A small scale olive oil press is becoming popular for people who want to produce their own extra virgin olive oil. This is a trend that follows the pattern we have seen in homemade wine making and in micro-brewing.
No man who is occupied in doing a very difficult thing, and doing it very well, ever loses his self-respect – George Bernard Shaw
I personally have more faith in family owned small olive oil boutique mills. I found the olive oil quality that is produced by boutique mills more consistent and more reliable. I always buy my extra virgin olive oil from the same family owned mill, within 15 miles from where I live. I also like to watch the hectic days of harvesting during autumn time.
If you have the right size land to grow olive trees, or if you live near olive trees orchard that allows self harvesting or that sells olives, you can consider owning your own home size olive oil pressing. Like any other similar activity, your product will improve with years. You might expect difficulties and disappointments; nevertheless, happiness is achieved by overcoming obstacles toward a known goal
Anyone who masters the art of olive oil milling, even on a smaller scale, has a full control over the process from harvesting through milling to bottling and storing. He will eventually enjoy extra virgin olive oil that perfectly match his or her taste. Just like amateur wine makers and owners of home breweries this hobby is very rewarding as well as demanding. Add olive pickling to olive oil milling and your kitchen will light up with your own creation.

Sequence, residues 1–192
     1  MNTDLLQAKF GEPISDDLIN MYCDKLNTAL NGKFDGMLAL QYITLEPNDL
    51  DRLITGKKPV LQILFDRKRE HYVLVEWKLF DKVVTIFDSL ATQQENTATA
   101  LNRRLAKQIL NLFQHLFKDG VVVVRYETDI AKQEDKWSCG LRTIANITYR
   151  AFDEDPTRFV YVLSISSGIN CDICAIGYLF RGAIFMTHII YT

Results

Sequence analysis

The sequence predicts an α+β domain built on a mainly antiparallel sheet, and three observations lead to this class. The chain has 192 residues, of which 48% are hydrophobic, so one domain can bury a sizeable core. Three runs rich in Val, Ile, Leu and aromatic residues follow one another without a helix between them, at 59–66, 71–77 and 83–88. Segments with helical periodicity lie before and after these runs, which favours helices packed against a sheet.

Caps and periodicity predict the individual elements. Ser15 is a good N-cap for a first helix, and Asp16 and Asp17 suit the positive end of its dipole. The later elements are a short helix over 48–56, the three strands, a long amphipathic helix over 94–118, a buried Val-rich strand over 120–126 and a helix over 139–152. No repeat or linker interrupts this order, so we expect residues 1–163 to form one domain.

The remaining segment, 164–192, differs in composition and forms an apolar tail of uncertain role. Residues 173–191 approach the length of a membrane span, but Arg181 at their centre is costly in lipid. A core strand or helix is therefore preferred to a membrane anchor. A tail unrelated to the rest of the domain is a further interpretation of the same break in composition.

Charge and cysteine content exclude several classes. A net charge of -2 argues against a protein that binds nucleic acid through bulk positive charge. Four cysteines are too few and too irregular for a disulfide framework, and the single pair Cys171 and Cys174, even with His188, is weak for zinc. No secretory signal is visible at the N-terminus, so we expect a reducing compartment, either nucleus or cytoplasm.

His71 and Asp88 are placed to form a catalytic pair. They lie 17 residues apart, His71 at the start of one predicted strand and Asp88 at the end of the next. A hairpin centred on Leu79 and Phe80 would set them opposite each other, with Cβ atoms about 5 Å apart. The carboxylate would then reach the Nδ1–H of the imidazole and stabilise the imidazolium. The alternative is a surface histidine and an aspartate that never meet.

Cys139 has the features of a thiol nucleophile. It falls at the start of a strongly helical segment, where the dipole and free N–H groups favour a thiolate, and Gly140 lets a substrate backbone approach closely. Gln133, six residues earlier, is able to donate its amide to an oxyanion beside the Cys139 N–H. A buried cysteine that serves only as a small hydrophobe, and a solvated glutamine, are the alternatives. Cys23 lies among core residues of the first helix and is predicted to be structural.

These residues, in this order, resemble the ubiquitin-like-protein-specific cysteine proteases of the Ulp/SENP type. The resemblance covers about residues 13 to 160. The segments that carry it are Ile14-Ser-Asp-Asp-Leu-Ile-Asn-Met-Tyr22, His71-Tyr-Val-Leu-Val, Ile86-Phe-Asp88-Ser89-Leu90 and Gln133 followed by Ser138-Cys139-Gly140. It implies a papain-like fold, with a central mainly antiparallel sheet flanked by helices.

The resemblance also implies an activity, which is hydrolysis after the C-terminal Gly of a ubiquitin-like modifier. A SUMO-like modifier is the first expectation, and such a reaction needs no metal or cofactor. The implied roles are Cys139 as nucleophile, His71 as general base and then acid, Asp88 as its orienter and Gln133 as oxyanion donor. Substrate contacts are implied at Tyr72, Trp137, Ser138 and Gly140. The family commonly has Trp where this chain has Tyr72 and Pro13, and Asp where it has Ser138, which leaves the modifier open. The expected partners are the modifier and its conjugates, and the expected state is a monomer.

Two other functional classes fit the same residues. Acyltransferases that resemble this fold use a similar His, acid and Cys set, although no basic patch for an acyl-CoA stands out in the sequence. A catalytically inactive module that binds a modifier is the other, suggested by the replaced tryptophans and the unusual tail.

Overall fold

Olive oil milling is a relatively expensive hobby. Even the most basic olive oil pressing set can cost more than $3,000. To get best results, olives should be processed in less than 24 hours after they were harvested. Harvest time is at its pick in October/November and extends to December/January (in the Northern hemisphere), so you will find yourself extremely busy during these months. (Thanksgiving and Xmas occurs during this wonderful autumn season and kids went back to school in September). If you production is 50 liters, you will start with roughly 1,000 lb. of harvested olives, and you will end up with almost 900 lb. of organic waste (pomace and crashed pits, leaves, etc.). You will also need to either grow an olives orchard or harvest olives in a nearby olive trees grove.
Whether in a smaller scale or in a very big scale, olive oil making follows the same basic process as existed in ancient time. Washing, grinding, malaxing (mixing), separating the oil from the pomace, bottling. Luckily, it is possible to buy a complete set that will do the job. The press set will come with an operation manual and cleaning and maintenance instructions.